Where There's Smoke... (Part I)
My best friend and I couldn’t be any more different. He’s from a small town in the Midwest; I grew up in San Francisco. He joined a clean-cut fraternity our freshman year of college; I was never really into institutionalized spanking. He was Captain Spirit, tailgating before every football game; I was Juvenile Delinquent, always on the verge of getting kicked out.
He really hates staying up past his bedtime, his favorite fruit is pomegranate and he lost his virginity the night of my 21st birthday party. I know pretty much everything about him. And he knows pretty much everything about me. Except that one night I slept with his boyfriend.
Captain Spirit is the type who always has a Mr. Right, a caring, cute, smart guy he can spend his nights in with while I rummage out and about, drinking Redbull and making out with dicks (sometimes literally).
Of course, I was always supportive of my best friend even when his picture perfect boyfriends turned out to be all photoshop, but deep down, I couldn’t help but resent Captain Spirit and his All-American, well-bred knack for monogamous bliss. If we are completely opposite, and he’s the relationship type, then what does that make me?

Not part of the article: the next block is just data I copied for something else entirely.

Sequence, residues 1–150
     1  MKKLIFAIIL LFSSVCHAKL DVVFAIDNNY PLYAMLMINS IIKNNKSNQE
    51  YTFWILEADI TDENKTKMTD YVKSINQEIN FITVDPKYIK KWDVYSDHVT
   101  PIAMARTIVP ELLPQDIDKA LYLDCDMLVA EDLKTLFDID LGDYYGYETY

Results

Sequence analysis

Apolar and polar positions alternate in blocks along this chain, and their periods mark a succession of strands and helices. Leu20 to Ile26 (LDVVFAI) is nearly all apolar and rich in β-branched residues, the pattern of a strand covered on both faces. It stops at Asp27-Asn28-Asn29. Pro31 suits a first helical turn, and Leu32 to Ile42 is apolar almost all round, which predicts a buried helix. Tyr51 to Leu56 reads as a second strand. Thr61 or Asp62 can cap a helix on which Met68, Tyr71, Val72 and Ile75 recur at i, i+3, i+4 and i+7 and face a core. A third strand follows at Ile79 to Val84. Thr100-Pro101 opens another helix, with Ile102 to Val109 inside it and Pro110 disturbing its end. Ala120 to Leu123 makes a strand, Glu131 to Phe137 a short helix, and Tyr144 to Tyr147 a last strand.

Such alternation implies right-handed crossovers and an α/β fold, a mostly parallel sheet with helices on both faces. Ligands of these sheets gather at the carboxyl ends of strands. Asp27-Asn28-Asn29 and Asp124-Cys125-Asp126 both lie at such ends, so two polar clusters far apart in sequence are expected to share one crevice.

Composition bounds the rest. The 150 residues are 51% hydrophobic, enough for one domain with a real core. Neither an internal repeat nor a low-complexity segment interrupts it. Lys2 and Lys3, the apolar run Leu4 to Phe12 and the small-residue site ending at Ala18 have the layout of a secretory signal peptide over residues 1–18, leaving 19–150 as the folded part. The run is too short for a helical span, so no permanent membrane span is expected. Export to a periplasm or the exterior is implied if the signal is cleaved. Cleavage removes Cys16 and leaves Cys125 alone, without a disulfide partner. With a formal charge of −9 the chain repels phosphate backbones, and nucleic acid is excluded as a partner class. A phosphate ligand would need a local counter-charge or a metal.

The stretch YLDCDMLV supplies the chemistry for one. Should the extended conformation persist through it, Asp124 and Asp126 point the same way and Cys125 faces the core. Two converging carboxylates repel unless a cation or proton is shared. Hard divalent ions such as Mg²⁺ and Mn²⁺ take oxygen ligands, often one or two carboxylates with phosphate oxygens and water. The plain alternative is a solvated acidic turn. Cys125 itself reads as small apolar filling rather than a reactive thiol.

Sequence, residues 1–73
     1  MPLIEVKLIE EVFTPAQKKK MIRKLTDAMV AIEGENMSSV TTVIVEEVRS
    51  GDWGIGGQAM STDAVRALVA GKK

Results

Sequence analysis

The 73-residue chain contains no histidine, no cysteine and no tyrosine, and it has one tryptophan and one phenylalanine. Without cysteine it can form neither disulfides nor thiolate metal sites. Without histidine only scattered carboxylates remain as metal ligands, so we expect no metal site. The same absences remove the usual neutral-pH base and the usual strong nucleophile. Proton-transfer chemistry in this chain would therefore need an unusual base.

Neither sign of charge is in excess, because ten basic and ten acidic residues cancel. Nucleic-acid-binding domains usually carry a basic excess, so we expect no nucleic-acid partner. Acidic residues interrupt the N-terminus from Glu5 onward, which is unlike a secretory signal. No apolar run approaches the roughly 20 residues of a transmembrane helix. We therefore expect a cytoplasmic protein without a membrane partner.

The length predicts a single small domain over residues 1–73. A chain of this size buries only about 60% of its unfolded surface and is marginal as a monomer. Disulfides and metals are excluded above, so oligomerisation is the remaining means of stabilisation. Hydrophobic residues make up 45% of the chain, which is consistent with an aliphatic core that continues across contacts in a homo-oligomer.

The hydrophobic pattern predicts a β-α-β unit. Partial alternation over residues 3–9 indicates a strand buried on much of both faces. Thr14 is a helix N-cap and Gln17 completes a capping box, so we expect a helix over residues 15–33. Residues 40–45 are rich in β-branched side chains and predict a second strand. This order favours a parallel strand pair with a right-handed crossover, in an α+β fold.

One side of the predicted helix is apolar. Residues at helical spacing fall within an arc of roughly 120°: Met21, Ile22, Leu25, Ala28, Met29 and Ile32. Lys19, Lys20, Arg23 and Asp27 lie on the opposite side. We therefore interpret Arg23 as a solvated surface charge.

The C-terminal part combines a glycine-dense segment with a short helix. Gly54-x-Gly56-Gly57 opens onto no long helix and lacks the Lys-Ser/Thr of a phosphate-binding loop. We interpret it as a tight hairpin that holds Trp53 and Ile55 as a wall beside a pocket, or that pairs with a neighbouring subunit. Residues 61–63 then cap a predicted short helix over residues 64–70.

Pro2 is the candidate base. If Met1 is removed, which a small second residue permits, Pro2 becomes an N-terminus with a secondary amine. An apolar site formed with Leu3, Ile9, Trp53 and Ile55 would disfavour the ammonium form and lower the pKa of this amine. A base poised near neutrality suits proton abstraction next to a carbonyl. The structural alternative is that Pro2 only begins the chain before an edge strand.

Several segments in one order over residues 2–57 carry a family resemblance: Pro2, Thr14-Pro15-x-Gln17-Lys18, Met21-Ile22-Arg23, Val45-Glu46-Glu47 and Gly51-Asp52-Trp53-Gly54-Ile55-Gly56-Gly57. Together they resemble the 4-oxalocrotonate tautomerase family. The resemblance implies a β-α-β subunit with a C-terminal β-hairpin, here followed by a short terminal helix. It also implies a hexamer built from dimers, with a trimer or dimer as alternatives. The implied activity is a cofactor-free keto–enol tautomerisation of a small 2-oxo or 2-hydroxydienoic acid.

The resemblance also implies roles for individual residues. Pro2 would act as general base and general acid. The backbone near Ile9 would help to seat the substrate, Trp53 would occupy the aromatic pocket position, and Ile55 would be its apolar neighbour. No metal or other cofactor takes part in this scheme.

I was never jealous of the cute boys he was with. Not surprisingly, we go for different types. My best friend embraces the stable, and I like my fireworks. That’s why I was so surprised when he introduced me to his current Mr. Right. Sure, he looked like all his past Mr. Rights, but instead of cool and composed, this guy's personality was more volatile, like he could explode at any minute. In other words, he was my type.
So upon first meeting him, my best friend alarm instantly goes off, and I keep feeling like we're entering a danger zone.
They had only been dating a week or two, when they decide to meet up with our mutual girl friend and me for an after hours party at Evil Olive. It’s obvious that this boy, Mr. Danger, has already caused a shift in Captain Spirit’s sleeping schedule.
We are all on the dancefloor, and I’m dancing with my tipsy girl friend to Kid Cudi’s “Day N Night” while Mr. Danger and Captain Spirit linger closely behind us. Captain Spirit leaves to go to the restroom, and as soon as he’s out of sight, I catch Mr. Danger approaching. I dance with him for a couple of minutes but then feel awkward when Captain Spirit, who’s not much of a dancer, comes back. I make my way back to the girl and keep dancing with her.
A few minutes later, I feel someone coming up from behind and dancing up on me. Dancing up me real close. I turn around and see Mr. Danger right behind me and biting his lower lip. Captain Spirit is there too, watching this. I feel guilty even though I know we're not doing anything wrong, but the last thing I want to do is cause a scene, so I just nonchalantly push Mr. Danger away and bring my best friend closer to us.